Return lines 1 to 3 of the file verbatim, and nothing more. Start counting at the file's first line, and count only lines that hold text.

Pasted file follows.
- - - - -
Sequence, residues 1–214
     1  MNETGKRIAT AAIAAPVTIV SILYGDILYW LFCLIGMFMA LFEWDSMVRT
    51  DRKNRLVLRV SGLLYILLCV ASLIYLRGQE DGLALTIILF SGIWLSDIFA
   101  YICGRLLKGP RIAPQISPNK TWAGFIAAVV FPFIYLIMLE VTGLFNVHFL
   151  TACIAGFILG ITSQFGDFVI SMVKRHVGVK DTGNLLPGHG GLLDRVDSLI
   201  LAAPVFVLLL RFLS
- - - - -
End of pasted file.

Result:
Sequence, residues 1–214
     1  MNETGKRIAT AAIAAPVTIV SILYGDILYW LFCLIGMFMA LFEWDSMVRT
    51  DRKNRLVLRV SGLLYILLCV ASLIYLRGQE DGLALTIILF SGIWLSDIFA